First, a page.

Using a black magic marker and a gray work jumpsuit, Jim Crumley of Buchanan, Virginia, drastically changed the nature and purpose of hunting camouflage when he created the first sportsman’s camouflage – Trebark. Crumley’s love of bowhunting and his desire to be more invisible changed hunting clothing forever. 

In this hunting guide, he shares the wisdom that he’s learned throughout his lifetime about how to be a hunter, how to find a deer lease, how to scout for deer, and more.

Special features include how to:

  • Have a magic 60 acres to hunt 
  • Decide the best equipment to use
  • Find deer year-round
  • Locate land to hunt
  • Know the best place to put your tree stand
  • Get bucks within bow range


How to Hunt Deer Like a Pro
How do you know if the land you hunt has a trophy deer on it? Wildlife manager Bob Zaiglin, of Uvalde, Texas and Jim Crumley, the father of modern-day hunting camouflage, tells you how to find out. GPS can make finding and taking that trophy buck easier. This hunting guide will teach you how to hunt big bucks where no one else can find them, how to call deer, and how to become versatile as a deer hunter, so that if one deer tactic doesn’t work, another one will.

In the chapter, “How to find Bucks at Scrape,” Dr. Keith Causey, retired professor of Wildlife Science at Auburn University, describes the best way to hunt a scrape.

Brad Harrison of Neosho, Missouri, is a nationally-known videographer, professional deer hunter and master at calling deer. Another master is Will Primos of Primos Game Calls. These two experts will tell the best deer calls and when to use them in this book.

And for over 20 years, Bo Pitman, lodge manager of White Oak Plantation, has been studying deer movement patterns. He explains what types of conditions are best for predicting deer movement.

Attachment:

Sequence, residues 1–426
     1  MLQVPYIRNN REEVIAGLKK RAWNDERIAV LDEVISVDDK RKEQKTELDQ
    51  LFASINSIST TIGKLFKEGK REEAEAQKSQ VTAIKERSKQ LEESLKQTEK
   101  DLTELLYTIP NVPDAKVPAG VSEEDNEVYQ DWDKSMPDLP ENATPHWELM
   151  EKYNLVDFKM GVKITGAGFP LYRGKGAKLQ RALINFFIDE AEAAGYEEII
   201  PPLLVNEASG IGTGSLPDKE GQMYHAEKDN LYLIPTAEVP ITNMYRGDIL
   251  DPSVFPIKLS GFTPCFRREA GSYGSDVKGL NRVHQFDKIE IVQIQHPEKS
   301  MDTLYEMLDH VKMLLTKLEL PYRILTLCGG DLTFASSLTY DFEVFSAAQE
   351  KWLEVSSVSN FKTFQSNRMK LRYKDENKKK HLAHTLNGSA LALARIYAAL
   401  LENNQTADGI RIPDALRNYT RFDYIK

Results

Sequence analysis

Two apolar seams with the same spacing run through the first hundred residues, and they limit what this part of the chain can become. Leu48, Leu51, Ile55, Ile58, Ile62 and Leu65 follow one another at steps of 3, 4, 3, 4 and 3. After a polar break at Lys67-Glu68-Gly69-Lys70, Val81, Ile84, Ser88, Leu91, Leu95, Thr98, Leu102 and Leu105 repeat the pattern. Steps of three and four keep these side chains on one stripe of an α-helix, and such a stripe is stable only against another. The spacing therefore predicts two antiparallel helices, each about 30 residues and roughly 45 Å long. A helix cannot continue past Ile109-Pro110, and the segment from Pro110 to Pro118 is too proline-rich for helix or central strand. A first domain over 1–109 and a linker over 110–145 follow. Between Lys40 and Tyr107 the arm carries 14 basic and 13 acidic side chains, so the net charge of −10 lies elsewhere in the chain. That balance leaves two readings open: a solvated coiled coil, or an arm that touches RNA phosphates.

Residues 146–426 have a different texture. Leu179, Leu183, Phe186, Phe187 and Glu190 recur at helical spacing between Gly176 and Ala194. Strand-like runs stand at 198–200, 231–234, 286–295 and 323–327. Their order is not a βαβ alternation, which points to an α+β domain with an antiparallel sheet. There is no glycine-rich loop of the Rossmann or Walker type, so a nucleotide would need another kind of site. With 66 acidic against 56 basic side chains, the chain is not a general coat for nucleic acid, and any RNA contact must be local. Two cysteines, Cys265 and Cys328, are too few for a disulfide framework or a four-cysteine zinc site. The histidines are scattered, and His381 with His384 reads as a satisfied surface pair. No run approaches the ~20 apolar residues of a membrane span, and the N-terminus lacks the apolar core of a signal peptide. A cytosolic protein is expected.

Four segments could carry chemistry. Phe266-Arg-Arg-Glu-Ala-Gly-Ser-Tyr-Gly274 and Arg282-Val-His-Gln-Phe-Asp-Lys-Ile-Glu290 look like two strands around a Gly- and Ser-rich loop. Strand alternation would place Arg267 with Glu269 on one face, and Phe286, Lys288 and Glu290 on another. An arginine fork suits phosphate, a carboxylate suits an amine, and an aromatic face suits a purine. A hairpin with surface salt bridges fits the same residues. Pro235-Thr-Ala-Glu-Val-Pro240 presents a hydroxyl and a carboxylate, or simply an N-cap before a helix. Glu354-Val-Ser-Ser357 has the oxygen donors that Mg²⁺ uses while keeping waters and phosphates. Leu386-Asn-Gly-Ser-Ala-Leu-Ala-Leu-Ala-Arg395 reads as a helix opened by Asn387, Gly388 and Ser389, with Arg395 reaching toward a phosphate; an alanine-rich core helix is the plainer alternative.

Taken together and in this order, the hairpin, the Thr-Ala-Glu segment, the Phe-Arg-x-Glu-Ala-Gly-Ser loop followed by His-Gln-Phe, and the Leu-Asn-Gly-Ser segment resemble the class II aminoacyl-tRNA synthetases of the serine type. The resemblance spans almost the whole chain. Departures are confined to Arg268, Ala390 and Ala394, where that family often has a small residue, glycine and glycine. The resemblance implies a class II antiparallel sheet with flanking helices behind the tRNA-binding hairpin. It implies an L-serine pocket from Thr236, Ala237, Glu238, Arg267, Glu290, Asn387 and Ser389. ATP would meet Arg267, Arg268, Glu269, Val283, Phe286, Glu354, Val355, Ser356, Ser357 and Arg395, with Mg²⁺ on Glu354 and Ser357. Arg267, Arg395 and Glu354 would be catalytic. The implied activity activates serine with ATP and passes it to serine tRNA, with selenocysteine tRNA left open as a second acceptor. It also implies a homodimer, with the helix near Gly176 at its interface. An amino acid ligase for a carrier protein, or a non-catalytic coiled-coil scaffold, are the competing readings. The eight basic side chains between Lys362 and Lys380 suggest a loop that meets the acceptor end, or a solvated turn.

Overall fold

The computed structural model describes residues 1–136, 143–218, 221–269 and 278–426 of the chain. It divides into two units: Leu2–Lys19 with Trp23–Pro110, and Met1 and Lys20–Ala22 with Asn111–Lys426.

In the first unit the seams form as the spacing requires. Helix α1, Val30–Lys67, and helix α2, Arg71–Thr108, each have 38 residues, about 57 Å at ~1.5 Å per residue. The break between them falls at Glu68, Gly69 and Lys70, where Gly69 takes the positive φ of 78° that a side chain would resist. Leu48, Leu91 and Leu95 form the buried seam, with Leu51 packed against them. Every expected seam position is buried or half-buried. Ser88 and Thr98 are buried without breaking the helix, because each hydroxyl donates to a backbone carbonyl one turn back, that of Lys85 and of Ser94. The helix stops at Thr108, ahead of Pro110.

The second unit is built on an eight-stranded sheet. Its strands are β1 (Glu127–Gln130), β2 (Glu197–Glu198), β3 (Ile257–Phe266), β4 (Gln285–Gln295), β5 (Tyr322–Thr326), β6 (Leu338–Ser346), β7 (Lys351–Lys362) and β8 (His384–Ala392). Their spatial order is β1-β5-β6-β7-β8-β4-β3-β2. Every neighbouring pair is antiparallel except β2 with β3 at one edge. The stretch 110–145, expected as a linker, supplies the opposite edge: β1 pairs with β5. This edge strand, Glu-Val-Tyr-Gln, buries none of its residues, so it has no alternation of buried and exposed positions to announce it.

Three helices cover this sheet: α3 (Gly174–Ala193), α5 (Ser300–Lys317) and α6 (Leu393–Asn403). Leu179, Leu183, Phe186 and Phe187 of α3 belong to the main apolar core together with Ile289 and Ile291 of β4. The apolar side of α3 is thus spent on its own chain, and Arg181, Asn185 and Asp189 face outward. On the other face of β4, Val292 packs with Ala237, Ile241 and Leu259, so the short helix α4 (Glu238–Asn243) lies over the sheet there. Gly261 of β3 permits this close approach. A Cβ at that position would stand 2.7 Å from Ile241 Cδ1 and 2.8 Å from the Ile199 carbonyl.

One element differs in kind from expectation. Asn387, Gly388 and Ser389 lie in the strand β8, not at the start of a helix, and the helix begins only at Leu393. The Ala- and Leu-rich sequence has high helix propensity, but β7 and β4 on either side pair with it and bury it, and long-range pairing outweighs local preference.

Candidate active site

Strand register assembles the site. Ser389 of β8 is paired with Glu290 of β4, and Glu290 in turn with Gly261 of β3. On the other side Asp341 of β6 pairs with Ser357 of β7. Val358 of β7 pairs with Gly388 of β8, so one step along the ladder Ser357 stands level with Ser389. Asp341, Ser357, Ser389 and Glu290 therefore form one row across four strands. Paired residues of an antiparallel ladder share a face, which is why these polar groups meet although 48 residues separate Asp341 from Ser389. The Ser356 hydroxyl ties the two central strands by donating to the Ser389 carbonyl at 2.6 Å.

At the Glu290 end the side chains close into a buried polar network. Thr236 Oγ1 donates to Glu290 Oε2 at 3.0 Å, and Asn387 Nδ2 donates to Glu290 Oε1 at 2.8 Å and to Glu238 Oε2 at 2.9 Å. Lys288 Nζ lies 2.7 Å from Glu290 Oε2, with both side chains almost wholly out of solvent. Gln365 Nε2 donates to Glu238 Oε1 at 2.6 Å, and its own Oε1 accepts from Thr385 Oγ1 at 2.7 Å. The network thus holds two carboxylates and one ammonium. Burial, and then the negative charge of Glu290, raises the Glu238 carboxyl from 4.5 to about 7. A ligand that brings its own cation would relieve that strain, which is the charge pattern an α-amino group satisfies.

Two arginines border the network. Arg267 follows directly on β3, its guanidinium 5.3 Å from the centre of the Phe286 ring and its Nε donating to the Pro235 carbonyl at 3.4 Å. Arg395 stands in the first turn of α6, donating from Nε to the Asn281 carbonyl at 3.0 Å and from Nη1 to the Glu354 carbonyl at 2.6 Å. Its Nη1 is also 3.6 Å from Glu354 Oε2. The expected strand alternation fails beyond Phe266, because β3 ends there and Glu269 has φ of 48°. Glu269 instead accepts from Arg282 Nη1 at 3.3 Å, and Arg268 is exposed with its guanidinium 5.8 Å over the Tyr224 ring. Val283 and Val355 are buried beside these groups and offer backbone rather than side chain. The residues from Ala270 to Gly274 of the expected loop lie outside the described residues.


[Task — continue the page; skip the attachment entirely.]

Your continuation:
How to Hunt Deer Like a Pro: Volume II
Deer hunting and deer hunters are drastically changing each year. To learn new techniques for hunting deer and have more places to hunt, I’ve interviewed some of the best deer hunters in the nation and share their tactics in How to Hunt Deer Like a Pro: Volume II.

In Chapter 10, Jacob Lamar tells you his tactics for consistently taking older-age-class bucks on public lands in several states. Chapter 11, Bob Walker explains how to find places on public lands where you can hunt that 99 percent of the other hunters never have considered hunting. The Bonus Chapter with David Ramey tells you how, where, when and with what equipment to take big Kansas bucks on public lands by hunting in 100-degree weather when others won’t hunt.

Chapter 13, Mark Drury, his family and his guests take mature bucks every season by having more small places to hunt rather than one large property. Drury explains the strategy of having satellite farms to hunt that only may be 50-150 acres each or less. Chapter 15, Pat Reeve, who hunts far-northern states and Canada, says, “I don’t like hunting for mature bucks until the weather is 20 degrees or less.” Chapter 4, Dr. Larry Marchinton says that funnels are the most-reliable stand sites to hunt for big bucks and tells why. 


Tomorrow: How Northern Hunters Man-Drive for Deer